Document Detail

Neuraxial anesthesia and bladder dysfunction in the perioperative period: a systematic review.
MedLine Citation:
PMID:  22535232     Owner:  NLM     Status:  Publisher    
PURPOSE: Urinary retention requiring catheterization carries the risk of infection. Neuraxial anesthesia causes transient impairment of bladder function ranging from delayed initiation of micturition to frank urinary retention. We undertook a review of the literature to determine the elements of neuraxial anesthesia and analgesia that prolong bladder dysfunction and increase the incidence of urinary retention. METHODS: We performed a systematic search of the PubMed, MEDLINE, and EMBASE databases (from January 1980 to January 2011) to identify studies where neuraxial anesthesia and/or analgesia were employed and at least one of the following outcomes was reported: urinary retention, time to micturition, or post void residual. We included randomized controlled trials and observational studies published in the English language and we excluded case reports. The randomized trials were graded according to the Jadad score. PRINCIPAL FINDINGS: Our search yielded 94 studies, and in 16 of these studies, the authors reported time to micturition after intrathecal anesthesia of varying local anesthetics and doses. Intrathecal injections were performed in 41 of these studies, epidural anesthesia/analgesia was used in 39 studies, and five studies involved both the intrathecal and epidural routes. Meta-analysis was not possible because of the heterogeneity of interventions and reported outcomes. The duration of detrusor dysfunction after intrathecal anesthesia is correlated with local anesthetic dose and potency. The incidence of urinary retention displays a similar trend and is further increased by the presence of neuraxial opioids, particularly long-acting variants. Urinary tract infection secondary to catheterization occurred rarely. CONCLUSIONS: Neuraxial anesthesia/analgesia results in transient detrusor dysfunction. The duration of dysfunction depends on the potency and dose of medication used; however, it does not appear to result in significant morbidity.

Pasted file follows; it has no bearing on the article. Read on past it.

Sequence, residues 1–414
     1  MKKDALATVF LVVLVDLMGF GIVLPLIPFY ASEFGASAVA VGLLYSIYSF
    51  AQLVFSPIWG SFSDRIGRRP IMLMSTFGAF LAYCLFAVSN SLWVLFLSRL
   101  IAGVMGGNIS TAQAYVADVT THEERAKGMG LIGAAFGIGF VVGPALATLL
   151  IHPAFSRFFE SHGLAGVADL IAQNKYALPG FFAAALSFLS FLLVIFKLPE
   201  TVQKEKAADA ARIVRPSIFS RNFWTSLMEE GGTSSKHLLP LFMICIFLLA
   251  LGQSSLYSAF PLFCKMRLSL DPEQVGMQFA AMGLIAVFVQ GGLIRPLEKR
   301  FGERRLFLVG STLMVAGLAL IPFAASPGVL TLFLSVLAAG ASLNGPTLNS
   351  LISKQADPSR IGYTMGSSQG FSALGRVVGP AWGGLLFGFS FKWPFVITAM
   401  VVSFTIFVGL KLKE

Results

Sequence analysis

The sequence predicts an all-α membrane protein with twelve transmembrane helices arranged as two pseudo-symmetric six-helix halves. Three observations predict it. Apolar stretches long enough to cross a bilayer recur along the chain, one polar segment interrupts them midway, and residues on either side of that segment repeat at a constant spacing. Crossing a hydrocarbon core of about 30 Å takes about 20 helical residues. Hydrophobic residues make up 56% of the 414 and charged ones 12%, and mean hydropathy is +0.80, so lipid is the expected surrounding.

Stephen Choi; Padraig Mahon; Imad T Awad
Publication Detail:
Type:  JOURNAL ARTICLE     Date:  2012-4-26
Journal Detail:
Title:  Canadian journal of anaesthesia = Journal canadien d'anesthesie     Volume:  -     ISSN:  1496-8975     ISO Abbreviation:  -     Publication Date:  2012 Apr 
Date Detail:
Created Date:  2012-4-26     Completed Date:  -     Revised Date:  -    
Medline Journal Info:
Nlm Unique ID:  8701709     Medline TA:  Can J Anaesth     Country:  -    
Other Details:
Languages:  ENG     Pagination:  -     Citation Subset:  -    
Department of Anesthesia, Sunnybrook Health Sciences Centre, University of Toronto, 2075 Bayview Avenue, Toronto, ON, M4N 3M5, Canada.
Vernacular Title:
Anesthésie neuraxiale et dysfonction vésicale en période périopératoire: une revue systématique.
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